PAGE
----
Now that the Democratic Party's autopsy of the 2016 debacle is well underway, along with the campaign to amend the Constitution to abolish the electoral college and establish direct popular vote — what's that? Oh.
Neither is happening, is it?
Must be because everyone is too busy protesting something or other that is, on some level, aimed at expressing displeasure at Donald Trump's election, or someone he has appointed, or something he has signed.
This is not a rehash of what you've been reading for the week and a half of the new administration.
This is a prognostication of what's ahead, based on what's happening now. And it, too, is NOT like what you've been reading. Because we are not giving praise, bestowing hero status, or issuing a free pass to anybody, no matter how many protests they have attended on some cold day or freezing night street of some city in the "Clinton Archipelago."
If somebody's sensitivities are offended by reading that? In the big, wide real world, it doesn't matter. Getting a grasp on the totality of what's happening does matter, and the likely outcome, including the unanticipated outcomes, the "externalities," of all of it matters even more. Snowflakes better read this in front of the freezer with the door open. Offended by that? Then you are most especially among those who should read this.
Does cringeworthy precede pathetic, or is it the other way around? Either way, repeated exposure to those things will produce groans of "not again" from the intended audience, as it heads for the exits. If you accept that observation, what happens when I tell you it is not intended for who you think it is.
Middle America is rapidly developing visceral disgust over the drifts of "snowflakes" blocking traffic, and they're looking for the salt truck.
The current paradigm of perpetual protest is bringing much of America to that point. Not in disgust and shared agreement over some increasingly elusive "point" of any given protest. A protest by some-group-or-other that doesn't really have, nor feel it even needs, a specific point to make in expressing their unhappiness. Middle America is rapidly developing visceral disgust over the drifts of "snowflakes" blocking traffic, and they're looking for the salt truck. Moreover, they are mystified that you, as well as everyone else in your world, didn't turn against the protesters who kept you from getting to the airport in time to use your nonrefundable preprinted boarding pass.
They can't understand why you aren't dismissing the snowflakes. Who are "they"-? For starters, the ones who didn't block streets when McCain or Romney lost. It's not simply that they can't understand you for supporting those who are publicly expressing themselves because Hillary lost. "They" resent you for being such zealots and crybabies in behalf of your widely reviled defeated candidate, when they know many of you held your nose to vote for her, and when they held their noses to vote for their widely reviled winning candidate.
You can accept that or not about "them." It's offered as background to broaden some perspectives.
The next point is where things start to get important for what you hold dear. This is about the inevitable effects of the current protests. We'll start with what's based on human nature.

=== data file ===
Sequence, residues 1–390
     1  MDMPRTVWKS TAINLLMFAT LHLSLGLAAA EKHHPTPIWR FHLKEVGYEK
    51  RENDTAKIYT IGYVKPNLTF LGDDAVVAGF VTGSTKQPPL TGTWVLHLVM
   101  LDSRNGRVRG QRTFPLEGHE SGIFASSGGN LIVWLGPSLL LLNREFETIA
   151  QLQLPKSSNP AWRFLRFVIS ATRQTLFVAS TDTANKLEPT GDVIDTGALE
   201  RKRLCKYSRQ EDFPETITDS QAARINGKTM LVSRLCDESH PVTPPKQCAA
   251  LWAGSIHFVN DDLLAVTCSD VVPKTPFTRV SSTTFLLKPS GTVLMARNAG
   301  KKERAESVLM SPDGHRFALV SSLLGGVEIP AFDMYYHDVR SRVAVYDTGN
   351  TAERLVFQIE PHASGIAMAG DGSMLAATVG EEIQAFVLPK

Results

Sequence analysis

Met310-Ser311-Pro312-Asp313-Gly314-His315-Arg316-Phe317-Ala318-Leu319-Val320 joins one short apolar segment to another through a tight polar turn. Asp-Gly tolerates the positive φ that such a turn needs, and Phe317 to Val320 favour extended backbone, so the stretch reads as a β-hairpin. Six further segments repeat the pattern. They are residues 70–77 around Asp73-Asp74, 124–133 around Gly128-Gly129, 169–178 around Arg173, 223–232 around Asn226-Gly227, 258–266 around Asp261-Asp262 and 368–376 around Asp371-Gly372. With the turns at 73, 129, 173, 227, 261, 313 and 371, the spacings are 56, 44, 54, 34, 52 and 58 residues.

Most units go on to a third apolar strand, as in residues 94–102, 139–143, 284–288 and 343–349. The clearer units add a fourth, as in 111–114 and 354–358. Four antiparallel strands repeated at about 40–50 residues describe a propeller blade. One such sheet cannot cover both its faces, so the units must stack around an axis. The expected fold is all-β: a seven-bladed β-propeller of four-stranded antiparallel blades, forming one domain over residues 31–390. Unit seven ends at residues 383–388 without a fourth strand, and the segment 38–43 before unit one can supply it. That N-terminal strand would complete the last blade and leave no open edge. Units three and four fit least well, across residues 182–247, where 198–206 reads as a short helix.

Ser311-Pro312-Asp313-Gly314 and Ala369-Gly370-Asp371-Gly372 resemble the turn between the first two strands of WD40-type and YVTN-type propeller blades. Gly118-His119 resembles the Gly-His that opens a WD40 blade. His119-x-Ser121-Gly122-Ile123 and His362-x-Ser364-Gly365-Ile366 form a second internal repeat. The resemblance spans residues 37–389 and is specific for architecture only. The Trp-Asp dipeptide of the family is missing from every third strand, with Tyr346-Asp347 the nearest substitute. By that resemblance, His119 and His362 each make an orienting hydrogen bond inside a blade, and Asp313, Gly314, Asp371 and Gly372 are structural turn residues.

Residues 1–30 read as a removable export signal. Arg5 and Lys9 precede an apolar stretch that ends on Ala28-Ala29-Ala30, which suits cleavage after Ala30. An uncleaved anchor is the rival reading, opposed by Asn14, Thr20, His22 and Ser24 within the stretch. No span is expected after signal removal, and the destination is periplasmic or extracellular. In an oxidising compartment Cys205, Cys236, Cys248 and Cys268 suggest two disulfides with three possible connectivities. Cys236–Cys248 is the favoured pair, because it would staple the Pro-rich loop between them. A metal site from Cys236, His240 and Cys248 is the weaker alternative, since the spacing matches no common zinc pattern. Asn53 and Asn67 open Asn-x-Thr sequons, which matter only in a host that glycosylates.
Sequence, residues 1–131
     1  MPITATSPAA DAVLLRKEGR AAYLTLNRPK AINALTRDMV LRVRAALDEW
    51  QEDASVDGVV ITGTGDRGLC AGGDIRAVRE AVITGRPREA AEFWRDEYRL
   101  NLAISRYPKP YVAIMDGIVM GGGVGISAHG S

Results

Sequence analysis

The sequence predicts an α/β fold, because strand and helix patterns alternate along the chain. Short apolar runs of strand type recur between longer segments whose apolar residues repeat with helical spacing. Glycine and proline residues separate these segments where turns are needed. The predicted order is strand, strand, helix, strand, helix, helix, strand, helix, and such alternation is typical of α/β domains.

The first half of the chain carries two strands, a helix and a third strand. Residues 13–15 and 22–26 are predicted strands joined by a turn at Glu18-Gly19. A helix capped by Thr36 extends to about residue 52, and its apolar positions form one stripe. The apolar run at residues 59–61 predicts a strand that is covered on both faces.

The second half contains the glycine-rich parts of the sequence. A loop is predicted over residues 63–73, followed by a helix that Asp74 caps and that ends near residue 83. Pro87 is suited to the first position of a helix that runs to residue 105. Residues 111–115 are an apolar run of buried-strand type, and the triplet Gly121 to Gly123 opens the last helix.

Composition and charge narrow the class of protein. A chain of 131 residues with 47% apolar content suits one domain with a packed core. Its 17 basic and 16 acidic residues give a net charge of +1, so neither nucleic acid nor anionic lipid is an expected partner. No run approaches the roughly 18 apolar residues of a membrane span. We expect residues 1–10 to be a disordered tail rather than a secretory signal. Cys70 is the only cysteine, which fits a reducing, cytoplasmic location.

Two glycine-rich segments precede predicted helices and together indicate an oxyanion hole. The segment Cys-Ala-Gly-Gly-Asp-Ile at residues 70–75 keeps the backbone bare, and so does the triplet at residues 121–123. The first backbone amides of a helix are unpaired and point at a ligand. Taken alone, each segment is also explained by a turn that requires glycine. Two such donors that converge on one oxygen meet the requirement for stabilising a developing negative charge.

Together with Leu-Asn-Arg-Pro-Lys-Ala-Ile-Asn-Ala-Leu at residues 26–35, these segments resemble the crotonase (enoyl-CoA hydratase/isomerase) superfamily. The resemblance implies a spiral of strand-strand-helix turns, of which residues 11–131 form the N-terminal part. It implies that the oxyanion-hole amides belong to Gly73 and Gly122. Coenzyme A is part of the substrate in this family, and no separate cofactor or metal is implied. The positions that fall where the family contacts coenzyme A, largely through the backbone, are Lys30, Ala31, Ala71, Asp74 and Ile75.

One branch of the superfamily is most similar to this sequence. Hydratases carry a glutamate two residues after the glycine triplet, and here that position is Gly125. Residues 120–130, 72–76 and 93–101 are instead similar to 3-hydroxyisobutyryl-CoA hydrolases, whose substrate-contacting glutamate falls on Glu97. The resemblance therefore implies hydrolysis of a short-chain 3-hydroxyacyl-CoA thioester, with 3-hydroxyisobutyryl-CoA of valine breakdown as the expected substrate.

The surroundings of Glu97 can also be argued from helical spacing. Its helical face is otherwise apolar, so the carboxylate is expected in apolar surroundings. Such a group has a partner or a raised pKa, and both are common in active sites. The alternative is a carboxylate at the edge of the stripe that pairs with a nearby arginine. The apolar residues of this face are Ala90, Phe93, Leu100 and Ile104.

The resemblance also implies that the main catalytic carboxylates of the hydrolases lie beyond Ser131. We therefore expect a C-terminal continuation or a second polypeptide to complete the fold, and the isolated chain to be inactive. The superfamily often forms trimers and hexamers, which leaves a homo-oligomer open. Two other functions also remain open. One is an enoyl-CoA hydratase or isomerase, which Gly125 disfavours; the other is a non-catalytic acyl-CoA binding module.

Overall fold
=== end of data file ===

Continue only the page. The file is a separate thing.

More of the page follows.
You can sustain passion for achieving something, whether that's training for the Olympics or a neighborhood 5K run. But you cannot sustain much of anything based on obstructionist intransigence that goes against the essential nature of your progressive ideology, with its activist admonition and myriad need to DO SOMETHING to make things better. Neither you, nor most people, can sustain much of anything that's dependant on negative emotions. In fact, that's called psychosis. Which is why long-term depression so often leads to murder or, more commonly, suicide.
Surely that last line, in this context, just offended someone. And that's part of the point, as well. Too damn many people are getting offended. But it doesn't stop there. Too many expect everyone else must do something about their being offended in penance for the offense. In all the ways, overt and subtle, that society sees or senses expressions of that, the legions of the offended are making themselves clichés. They are social and other media's versions of clay pigeons, angst ridden pillow biters, temper-throwing toddlers, snowflakes, or whatever comprises the latest objet du jour of ridicule.
Bill Clinton saying, "I feel your pain" brought him derision, long before anyone had the ready ability to reshow it over and over. Now, the "hoot-hoot-hoot" of back-up horns is a procession of dump trucks unloading daily fodder for social media and small screen popular culture.
Take one example: the term "snowflake" to describe coddled people. That one goes to Chuck Palahniuk, author of the novel, Fight Club, which spawned a cult classic film by the same name. He says his book and the subsequent film are responsible for popularizing the term.
"It does come from Fight Club," Palahniuk recently told the Evening Standard. Quoting his book and the screenplay, he said, "There is a line, ‘You are not special. You are not a beautiful and unique snowflake.'"
"Snowflake" became a gimme adopted by conservative commentators to describe the contingent of whiny, self-absorbed millennials whose easily offended sensibilities produced, according to that radio genres' interpretation, "a war on free speech on university campuses that became a cause célèbre, thanks to a disproportionate amount of media attention."
If there were no truth in it, it would never have taken hold. Now its application has been broadened, across the culture, to describe perpetually protesting post-election Hillbots as snowflakes.
The radio commentators are missing their chance to cite all the enabling factors, like the participation trophies the oversensitive snowflakes got along the way.